I can remember having my period in the 4th grade closer to 3rd because we were being fed hormones through the eggs we were eating. From this early period we were suppose to have children early, before sixteen to keep up with the dying race so to speak. I wanted to learn science and we were told to learn Homeeconomics for good house keeping.

I was aware of this because my grandmother was a midwife, and my mother the oldest person assisted her in these home births. All placentas were buried in grandpas yard, and a Papaya tree was planted. This house is on Hollinger street.

Also too, we the women involved with O Kanaloa Kohe Malamalama was asked not to go to the island if we had our period. I did not have my period nor was it due. My last day on the island I had my period. Other women also had the same experiences. We were instructed to not eat the crabs on the island, I believe it's because of the salt contents.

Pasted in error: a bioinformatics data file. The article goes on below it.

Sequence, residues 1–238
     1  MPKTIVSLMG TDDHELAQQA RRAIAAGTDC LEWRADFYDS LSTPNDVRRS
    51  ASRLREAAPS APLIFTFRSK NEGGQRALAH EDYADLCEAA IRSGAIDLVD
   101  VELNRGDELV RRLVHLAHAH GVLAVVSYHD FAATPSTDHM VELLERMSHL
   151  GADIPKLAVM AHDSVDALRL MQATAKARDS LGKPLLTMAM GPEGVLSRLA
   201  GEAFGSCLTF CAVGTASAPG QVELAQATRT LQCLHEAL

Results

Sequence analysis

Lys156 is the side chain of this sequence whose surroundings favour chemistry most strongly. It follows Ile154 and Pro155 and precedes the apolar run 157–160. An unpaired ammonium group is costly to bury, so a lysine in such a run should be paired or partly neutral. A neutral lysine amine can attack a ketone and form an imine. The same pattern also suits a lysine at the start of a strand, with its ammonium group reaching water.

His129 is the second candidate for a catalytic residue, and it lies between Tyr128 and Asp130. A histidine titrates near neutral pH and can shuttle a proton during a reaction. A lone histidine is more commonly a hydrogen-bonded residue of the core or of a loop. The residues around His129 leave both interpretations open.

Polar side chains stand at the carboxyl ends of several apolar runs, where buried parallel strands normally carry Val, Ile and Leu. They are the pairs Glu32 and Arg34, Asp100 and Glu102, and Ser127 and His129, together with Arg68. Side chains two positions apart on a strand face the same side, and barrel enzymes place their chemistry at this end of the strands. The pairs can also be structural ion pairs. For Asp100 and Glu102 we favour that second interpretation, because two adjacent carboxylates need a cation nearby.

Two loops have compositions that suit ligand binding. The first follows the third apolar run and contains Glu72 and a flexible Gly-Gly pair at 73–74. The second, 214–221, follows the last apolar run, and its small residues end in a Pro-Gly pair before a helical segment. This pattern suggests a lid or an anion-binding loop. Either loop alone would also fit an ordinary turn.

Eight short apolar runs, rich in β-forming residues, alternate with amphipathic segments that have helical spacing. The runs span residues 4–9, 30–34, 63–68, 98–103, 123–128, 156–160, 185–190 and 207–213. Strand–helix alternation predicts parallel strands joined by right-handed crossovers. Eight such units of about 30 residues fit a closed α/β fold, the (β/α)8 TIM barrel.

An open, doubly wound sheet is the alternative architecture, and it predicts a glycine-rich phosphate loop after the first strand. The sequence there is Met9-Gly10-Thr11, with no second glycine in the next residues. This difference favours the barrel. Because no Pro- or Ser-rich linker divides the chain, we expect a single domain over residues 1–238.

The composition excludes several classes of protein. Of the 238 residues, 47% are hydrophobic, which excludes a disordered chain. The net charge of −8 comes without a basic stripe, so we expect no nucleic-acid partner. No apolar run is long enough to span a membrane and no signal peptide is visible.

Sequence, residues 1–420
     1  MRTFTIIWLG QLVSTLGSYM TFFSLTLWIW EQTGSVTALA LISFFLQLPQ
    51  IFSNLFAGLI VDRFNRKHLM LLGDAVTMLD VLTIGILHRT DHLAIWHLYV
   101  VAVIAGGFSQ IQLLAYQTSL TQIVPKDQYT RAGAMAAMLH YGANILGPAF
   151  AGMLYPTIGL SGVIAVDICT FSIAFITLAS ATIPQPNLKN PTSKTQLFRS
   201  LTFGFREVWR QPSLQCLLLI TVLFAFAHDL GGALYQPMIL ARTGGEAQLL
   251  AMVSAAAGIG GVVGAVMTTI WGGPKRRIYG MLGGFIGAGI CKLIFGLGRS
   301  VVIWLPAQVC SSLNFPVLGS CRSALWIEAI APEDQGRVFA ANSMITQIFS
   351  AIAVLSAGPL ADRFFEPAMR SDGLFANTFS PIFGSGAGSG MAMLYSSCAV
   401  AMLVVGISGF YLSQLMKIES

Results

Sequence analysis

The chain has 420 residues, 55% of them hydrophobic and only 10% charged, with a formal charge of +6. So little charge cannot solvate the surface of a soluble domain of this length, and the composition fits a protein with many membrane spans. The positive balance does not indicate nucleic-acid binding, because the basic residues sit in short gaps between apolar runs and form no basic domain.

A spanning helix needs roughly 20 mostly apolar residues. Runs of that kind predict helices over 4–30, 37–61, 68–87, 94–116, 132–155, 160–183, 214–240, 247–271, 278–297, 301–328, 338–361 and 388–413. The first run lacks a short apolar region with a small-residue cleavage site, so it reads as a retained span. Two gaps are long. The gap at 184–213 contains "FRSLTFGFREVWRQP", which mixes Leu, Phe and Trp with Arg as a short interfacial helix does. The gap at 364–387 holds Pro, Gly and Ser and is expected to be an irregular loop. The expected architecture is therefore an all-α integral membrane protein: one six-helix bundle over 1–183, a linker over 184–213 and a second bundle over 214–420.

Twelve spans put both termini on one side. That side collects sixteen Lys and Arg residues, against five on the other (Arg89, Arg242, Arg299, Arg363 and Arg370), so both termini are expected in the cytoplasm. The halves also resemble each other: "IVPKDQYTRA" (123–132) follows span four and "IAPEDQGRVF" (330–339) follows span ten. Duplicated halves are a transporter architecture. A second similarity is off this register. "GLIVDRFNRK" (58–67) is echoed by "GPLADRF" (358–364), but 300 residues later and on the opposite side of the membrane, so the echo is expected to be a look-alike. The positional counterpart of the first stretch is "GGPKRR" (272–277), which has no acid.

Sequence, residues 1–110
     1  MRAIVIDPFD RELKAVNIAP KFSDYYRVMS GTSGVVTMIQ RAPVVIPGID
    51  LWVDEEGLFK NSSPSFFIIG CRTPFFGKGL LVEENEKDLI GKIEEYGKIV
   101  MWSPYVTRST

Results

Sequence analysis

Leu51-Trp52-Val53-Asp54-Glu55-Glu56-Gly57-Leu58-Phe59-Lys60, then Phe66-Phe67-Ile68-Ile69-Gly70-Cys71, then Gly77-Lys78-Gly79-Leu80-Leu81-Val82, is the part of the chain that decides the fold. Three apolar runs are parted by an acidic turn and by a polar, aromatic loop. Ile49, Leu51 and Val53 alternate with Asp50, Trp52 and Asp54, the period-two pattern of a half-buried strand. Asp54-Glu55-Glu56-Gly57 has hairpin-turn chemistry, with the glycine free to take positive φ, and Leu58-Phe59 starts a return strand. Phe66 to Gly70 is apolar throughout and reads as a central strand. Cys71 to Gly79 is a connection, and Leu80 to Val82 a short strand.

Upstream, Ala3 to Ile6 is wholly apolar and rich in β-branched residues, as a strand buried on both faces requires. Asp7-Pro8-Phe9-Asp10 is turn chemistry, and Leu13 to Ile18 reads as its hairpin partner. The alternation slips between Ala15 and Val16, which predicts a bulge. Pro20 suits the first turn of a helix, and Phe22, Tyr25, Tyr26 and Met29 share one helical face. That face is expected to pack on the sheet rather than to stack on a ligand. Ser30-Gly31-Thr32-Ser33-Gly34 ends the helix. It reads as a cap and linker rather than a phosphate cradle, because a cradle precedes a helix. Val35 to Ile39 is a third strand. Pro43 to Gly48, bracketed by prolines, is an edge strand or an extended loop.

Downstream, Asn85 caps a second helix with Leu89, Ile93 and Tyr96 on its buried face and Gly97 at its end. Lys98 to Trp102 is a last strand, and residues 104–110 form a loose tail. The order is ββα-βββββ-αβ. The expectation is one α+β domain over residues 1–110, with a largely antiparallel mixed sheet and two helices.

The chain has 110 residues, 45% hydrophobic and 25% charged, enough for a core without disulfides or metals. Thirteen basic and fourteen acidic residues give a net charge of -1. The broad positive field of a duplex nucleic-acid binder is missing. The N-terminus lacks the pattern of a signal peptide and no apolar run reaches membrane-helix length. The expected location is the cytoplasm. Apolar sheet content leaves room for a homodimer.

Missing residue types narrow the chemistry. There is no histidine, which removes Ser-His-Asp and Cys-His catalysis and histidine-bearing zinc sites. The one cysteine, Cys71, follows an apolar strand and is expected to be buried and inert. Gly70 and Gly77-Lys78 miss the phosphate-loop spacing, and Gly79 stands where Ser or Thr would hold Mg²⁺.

I strugged the whole period thing on Kahoolawe from my mind and than I started to recant that experience years later. Sharing our sexuality with other women was not an exceptable thing, but I do it openly.

I recently had surgery, I'm sure it was preventive but because of the loss of understanding about our sexuality and it being used as a political tool to subjugate women down to nothing, I was not able to reverse it's happening.

I had prolapse and this is only too common among women and no one is talking about it just suffering. I opt to educate myself and do what I could do to prevent or heal myself. I waited to long and also too, allowed myself to be used as a piece of meat instead of a person by doctors. I trusted women doctors to do the right thing, and they didn't.

This was all accidental my questioning my sexuality. I wanted to learn how to dance this special hula. I don't know how to do the hula because of my missionary background. We got dirty licken if we got caught dancing by my mother. I couldn't feel the words, by the standards of my Kumu. She teaches the old way.